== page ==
Northport is investing $8m in infrastructure needed to support the growth of container traffic through the port. It is buying container-handling equipment and a simulator module to train staff in its operation, expanding its container storage area and upgrading its lighting to enhance safety during 24-hour operations.
The company is forecasting a 15 percent year-on-year increase in the volume of container traffic for this financial year to the end of June.
It has placed orders for two new reach-stacker container handlers and a new dock-truck and MAFI trailer. These will enhance substantially the port’s container-handling ability.
It will start paving an extra four hectares of its south-west development in October and install at a later stage six 35m towers with LED lights – a first for the port.
“This investment demonstrates our commitment to growing container traffic through Northport to service the trade needs of both our region and north Auckland,” said chief executive Jon Moore. “It’s a solid vote of confidence in the potential for significant and continued economic growth around our region and across the Upper North Island.”
“We’ve had to rise to the unexpected challenges presented by recent unplanned and large-scale container traffic, with the bare minimum of equipment. I’m hugely proud of the way our small team has adapted and used what we have to great effect. But we expect container traffic through Northport to keep growing so the time is right to expand our container-handling, receipt and dispatch capability.”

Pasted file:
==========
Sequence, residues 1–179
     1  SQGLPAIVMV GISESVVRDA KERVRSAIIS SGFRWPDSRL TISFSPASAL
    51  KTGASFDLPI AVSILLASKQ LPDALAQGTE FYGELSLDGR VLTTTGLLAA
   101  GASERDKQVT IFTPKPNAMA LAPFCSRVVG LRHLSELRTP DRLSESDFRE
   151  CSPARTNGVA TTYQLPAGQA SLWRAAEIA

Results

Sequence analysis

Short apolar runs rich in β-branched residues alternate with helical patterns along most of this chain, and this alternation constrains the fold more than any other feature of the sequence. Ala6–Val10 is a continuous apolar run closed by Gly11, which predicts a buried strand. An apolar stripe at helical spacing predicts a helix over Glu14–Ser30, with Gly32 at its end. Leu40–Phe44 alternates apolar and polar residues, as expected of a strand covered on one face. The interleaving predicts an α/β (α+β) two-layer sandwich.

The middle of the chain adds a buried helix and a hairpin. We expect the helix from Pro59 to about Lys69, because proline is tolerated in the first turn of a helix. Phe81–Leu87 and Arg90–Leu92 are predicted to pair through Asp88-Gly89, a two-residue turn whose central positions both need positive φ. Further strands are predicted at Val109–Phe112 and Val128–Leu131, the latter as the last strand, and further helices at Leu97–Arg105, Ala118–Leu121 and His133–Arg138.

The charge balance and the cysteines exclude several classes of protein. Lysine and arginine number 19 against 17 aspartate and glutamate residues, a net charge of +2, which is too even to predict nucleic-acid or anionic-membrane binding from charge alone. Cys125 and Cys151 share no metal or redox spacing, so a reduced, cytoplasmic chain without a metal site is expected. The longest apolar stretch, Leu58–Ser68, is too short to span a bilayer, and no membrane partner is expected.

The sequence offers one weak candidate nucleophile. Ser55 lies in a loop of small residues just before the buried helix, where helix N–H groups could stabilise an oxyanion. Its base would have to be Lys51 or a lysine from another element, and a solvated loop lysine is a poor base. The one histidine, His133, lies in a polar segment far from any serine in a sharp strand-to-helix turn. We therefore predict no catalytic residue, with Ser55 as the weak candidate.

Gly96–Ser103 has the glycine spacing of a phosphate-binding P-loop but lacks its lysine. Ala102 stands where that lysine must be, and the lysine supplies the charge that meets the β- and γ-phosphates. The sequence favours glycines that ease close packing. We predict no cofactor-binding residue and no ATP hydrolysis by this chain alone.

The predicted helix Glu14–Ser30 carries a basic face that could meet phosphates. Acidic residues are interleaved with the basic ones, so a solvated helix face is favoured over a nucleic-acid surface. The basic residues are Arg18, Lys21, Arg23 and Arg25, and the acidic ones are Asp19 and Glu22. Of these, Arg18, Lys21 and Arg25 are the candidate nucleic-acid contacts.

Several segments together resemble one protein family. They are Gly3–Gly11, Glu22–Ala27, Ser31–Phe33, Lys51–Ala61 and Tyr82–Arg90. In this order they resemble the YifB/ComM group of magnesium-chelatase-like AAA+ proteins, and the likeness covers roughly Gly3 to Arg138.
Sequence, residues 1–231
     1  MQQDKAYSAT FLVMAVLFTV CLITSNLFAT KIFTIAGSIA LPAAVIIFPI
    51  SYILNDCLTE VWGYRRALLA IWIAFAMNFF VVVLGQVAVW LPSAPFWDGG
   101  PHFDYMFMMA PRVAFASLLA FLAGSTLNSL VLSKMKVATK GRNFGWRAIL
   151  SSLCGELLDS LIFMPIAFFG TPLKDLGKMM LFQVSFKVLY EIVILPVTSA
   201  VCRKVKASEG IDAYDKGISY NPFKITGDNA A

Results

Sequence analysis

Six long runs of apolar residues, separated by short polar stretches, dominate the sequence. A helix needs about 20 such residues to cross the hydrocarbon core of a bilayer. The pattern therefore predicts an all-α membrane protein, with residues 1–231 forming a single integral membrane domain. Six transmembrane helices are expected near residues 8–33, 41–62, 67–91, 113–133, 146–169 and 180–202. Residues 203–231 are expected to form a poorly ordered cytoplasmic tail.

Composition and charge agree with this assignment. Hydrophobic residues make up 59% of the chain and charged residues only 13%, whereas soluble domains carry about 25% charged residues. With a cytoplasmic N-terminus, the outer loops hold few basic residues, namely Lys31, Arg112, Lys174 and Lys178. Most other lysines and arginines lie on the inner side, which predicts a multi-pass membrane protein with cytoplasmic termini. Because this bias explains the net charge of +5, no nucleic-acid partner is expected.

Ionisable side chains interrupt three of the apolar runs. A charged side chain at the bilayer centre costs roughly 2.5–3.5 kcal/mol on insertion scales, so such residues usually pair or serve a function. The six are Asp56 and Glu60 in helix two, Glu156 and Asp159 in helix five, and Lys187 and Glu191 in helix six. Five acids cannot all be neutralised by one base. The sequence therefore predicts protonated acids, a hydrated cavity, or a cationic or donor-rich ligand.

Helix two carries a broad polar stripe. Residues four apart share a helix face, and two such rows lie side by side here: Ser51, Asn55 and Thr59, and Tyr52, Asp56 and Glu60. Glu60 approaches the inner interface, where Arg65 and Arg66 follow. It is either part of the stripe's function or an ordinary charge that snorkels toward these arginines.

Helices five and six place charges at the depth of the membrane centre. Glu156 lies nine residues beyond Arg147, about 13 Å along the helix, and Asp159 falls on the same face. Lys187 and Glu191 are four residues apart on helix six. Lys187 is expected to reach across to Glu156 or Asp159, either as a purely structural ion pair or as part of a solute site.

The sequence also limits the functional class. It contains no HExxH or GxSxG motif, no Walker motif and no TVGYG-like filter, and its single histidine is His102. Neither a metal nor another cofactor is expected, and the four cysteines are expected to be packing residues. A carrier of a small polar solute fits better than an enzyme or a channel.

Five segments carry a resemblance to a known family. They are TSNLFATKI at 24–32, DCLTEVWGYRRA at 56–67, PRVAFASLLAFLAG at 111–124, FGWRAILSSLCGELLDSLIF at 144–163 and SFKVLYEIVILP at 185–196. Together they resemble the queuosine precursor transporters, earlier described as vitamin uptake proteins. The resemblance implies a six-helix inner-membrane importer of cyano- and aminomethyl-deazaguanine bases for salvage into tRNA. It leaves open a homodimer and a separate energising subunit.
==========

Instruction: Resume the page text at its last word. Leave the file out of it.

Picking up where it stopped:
Mr Moore said this investment was not linked to possible expansion of the port.
“This is equipment we need to manage the here and now. We invest in infrastructure that we know we have a need for. It’s the approach we took with our two mobile harbour cranes and it’s the same story with this latest tranche of investment.”
The company is continuing with the work and studies it needs to complete before lodging the Resource Consent application for its growth plans. It has already posted a range of predominantly draft expert reports on its ‘Vision for Growth’ website (visionforgrowth.co.nz), with several more to come.
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Northport, situated at Marsden Point at the mouth of Whangarei Harbour, is New Zealand’s northernmost deep-water port. It is a flexible facility catering for large, multi-purpose vessels and full cargo handling facilities are available from its 570-metre linear berth.
Logs, woodchip and processed timber for export comprise the bulk of cargo handled by the port. Recent investment in container handling equipment has seen an uptake in coastal and international container trade. Other export items include kiwifruit, dairy products and manufactured goods. Imports are an important part of Northport’s business and include fertiliser, gypsum, coal and palm kernel.